A jailed Russian hacker says he can prove he hacked into the U.S. Democratic National Committee (DNC) computers in 2016 on the Kremlin's orders.
The Russian government has been accused of orchestrating a hack that leaked some 20,000 DNC emails during the 2016 U.S. presidential campaign. The Kremlin has denied the accusations, “absolutely ruling out the possibility” of government involvement.
In a written interview with the opposition-leaning Dozhd television station published Wednesday, the jailed Konstantin Kozlovsky said he left behind his signature in the DNC servers "on a hunch."
"I left a .dat file with the numbers of my visa to St. Martin and my passport on the internal web server of the Democratic Party,” Dozhd cited him as saying.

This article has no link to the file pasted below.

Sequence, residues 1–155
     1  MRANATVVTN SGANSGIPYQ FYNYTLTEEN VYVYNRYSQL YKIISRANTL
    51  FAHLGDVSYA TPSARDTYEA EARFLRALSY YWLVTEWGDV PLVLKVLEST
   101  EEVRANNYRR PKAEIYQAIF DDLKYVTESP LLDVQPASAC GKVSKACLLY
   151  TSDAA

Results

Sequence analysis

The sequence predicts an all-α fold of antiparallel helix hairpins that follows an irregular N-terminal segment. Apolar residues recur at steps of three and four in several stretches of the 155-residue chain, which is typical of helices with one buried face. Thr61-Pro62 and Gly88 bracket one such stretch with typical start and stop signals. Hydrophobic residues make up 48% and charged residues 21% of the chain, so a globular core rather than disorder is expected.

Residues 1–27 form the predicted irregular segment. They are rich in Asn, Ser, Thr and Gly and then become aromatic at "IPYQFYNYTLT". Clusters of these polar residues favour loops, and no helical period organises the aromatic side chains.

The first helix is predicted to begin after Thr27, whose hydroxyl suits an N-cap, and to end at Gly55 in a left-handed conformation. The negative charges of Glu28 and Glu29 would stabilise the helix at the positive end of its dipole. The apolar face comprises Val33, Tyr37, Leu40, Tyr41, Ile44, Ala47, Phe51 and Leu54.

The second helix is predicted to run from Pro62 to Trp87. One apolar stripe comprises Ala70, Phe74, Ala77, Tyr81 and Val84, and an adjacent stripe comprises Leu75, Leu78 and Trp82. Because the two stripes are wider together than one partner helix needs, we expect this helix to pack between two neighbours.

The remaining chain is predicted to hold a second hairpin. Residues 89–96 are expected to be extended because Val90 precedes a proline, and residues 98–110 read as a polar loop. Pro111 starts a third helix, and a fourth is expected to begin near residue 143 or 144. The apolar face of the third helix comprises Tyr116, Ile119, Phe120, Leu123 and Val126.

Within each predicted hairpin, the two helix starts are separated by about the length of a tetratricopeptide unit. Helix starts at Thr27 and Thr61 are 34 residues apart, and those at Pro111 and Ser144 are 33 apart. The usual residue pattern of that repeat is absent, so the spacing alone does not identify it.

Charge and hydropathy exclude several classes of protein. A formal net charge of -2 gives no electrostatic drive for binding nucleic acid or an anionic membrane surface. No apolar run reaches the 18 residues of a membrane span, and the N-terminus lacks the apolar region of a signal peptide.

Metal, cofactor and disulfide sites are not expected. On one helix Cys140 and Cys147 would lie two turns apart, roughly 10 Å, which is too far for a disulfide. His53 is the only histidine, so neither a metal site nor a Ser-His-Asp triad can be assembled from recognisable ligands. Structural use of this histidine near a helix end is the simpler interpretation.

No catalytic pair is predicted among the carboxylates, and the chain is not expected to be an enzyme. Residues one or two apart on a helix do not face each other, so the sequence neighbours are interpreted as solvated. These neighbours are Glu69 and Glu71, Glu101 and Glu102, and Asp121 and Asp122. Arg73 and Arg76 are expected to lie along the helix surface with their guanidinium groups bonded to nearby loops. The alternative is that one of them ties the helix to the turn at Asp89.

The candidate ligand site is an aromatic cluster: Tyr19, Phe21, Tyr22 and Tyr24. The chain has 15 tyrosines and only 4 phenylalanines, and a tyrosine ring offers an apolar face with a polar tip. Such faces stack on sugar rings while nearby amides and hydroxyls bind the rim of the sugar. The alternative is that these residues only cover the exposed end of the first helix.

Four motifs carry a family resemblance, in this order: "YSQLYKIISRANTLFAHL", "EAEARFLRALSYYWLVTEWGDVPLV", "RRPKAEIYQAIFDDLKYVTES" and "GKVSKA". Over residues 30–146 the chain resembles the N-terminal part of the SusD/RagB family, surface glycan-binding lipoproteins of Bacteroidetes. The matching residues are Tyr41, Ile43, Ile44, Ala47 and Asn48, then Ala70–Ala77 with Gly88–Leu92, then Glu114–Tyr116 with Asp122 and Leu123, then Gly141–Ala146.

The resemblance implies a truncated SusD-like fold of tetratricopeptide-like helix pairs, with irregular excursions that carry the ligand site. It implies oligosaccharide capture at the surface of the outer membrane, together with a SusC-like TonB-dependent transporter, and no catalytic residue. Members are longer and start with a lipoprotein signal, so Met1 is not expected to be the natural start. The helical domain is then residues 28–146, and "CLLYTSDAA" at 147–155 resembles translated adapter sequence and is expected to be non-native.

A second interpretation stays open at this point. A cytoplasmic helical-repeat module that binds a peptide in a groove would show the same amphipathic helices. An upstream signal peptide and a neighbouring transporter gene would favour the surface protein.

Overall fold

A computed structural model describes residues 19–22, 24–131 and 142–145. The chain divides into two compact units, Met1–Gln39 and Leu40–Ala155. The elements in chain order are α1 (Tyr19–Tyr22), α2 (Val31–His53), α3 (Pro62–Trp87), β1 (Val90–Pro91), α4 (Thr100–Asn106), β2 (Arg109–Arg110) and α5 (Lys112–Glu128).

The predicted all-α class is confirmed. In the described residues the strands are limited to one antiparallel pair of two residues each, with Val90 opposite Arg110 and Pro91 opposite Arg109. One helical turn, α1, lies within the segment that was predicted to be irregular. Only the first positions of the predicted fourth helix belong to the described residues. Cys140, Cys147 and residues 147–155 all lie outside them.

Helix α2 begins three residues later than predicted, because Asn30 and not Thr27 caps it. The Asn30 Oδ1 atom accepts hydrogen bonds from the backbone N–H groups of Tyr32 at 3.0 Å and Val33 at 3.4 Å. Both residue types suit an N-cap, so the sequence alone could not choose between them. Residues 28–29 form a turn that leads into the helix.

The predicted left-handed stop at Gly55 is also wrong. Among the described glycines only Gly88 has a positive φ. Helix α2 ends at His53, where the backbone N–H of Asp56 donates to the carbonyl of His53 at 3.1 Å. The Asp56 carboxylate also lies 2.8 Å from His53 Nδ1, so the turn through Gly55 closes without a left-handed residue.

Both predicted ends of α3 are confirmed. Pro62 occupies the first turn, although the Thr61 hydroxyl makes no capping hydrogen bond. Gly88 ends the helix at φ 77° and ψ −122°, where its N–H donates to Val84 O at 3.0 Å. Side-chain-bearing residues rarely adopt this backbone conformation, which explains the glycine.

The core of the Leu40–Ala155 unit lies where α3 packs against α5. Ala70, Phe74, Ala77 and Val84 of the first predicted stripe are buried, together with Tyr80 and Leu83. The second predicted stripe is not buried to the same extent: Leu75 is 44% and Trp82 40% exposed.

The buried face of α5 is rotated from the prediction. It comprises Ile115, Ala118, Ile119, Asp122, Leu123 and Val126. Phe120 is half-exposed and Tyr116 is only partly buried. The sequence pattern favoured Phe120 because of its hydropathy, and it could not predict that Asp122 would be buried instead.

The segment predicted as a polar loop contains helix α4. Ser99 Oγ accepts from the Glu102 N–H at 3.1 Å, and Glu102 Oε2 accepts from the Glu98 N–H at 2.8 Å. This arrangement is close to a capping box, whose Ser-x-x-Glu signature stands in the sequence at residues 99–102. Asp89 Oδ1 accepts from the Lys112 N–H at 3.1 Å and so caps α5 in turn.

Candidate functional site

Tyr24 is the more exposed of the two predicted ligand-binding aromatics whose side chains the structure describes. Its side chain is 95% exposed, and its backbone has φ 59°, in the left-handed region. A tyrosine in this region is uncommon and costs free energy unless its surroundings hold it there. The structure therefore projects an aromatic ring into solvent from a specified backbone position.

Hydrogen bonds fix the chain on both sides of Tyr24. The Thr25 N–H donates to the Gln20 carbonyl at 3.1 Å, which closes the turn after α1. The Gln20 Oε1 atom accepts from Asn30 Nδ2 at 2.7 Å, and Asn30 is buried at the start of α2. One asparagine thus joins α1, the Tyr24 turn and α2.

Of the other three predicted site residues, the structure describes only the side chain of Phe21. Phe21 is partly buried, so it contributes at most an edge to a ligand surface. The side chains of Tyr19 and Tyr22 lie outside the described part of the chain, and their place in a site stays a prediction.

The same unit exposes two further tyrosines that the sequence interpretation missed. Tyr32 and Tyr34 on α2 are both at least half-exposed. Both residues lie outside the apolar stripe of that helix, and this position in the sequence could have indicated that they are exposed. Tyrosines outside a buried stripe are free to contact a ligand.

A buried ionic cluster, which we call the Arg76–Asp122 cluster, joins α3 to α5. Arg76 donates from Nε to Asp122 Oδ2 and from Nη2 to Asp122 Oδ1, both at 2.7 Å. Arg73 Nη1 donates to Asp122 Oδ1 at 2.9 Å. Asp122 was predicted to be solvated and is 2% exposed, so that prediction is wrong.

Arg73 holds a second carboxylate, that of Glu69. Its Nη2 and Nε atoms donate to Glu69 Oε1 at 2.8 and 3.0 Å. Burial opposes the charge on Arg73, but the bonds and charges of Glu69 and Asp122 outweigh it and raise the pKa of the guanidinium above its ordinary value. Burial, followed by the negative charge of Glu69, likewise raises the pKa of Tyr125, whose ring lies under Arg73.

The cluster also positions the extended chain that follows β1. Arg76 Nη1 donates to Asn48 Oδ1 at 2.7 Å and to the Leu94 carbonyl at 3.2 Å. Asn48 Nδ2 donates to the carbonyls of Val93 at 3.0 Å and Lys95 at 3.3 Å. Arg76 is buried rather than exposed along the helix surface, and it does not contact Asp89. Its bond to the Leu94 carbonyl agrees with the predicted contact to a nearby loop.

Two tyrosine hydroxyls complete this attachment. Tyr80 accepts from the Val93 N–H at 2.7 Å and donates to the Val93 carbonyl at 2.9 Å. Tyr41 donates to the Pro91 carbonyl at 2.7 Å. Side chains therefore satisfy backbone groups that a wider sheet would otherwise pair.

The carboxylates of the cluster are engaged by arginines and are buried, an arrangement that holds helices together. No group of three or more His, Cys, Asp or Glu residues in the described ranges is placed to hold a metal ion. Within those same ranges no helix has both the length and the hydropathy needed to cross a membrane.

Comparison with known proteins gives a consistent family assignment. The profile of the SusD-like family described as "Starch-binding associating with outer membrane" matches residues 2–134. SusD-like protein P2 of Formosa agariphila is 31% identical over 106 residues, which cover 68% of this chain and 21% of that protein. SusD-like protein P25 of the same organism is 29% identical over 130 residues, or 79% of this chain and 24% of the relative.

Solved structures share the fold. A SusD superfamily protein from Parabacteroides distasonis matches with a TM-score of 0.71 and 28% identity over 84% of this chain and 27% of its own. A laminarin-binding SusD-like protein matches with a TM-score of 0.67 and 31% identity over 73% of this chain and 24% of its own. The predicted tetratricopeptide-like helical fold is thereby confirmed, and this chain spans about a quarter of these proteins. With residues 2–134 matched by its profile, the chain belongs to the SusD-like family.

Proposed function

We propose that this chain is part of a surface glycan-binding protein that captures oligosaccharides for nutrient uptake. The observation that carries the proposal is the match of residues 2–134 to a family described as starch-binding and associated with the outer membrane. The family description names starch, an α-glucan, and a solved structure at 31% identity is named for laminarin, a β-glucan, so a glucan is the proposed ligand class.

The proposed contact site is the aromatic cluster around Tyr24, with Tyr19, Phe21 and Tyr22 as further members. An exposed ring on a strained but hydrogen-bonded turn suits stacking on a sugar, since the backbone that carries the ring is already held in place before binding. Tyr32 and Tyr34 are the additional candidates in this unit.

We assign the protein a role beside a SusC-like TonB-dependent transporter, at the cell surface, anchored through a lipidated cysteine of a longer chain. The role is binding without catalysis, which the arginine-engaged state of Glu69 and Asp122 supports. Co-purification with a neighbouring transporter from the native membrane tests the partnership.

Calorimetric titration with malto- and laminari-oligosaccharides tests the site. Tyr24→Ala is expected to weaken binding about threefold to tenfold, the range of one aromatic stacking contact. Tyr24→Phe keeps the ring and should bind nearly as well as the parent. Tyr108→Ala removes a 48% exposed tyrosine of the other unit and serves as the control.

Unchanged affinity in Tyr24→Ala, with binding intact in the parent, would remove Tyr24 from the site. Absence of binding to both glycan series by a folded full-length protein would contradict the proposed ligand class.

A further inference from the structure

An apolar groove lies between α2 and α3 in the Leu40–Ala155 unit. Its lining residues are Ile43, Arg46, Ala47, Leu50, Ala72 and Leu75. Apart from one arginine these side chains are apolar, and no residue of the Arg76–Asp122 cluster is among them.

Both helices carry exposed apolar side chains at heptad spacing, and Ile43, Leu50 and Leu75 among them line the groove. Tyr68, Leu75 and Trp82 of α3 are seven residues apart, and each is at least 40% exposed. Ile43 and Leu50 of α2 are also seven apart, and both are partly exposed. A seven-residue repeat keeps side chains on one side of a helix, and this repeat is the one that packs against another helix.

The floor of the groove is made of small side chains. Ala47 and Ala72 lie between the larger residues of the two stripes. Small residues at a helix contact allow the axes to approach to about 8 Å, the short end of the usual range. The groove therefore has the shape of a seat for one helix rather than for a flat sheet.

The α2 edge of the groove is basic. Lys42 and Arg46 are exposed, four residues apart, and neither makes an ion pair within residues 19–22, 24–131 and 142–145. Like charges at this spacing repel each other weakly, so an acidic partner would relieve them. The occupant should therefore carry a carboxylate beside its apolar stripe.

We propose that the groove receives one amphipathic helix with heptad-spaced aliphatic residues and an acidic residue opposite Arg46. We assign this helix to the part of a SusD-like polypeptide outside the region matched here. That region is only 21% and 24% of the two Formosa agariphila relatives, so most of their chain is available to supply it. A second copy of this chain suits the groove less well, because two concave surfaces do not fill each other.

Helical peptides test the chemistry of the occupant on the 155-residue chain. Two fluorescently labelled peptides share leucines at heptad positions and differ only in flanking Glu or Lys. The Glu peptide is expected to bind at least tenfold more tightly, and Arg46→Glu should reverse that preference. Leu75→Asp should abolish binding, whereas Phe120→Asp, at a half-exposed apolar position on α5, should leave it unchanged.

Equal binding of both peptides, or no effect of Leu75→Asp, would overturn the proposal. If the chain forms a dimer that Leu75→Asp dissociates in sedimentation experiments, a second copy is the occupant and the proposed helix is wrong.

He said the hidden file would have been accessed by the FBI after the hack was discovered, or on backup files from Sept. 2015.
"This is the main piece of evidence that I can provide from this torture chamber," he said.
Kozlovsky was arrested in 2016 for stealing more than $50 million from Russian banks using viruses called Lurk and WannaCry. During a pre-trial court hearing in August 2017, he admitted his involvement in the hacking of the DNC on orders of Russia’s Federal Security Service (FSB).
Earlier this month, Kozlovsky posted a transcript and audio recording of his confession at the court hearing on his Facebook page.
Kozlovsky asserted that he was under the direction of Major General Dmitry Dokuchayev, an FSB officer arrested on charges of treason in Russia in 2016.
Dokuchayev denies any acquaintance with Kozlovsky, Dozhd reported.
"All the Western media reports about Russian hackers — it's all me," Kozlovsky told Dozhd.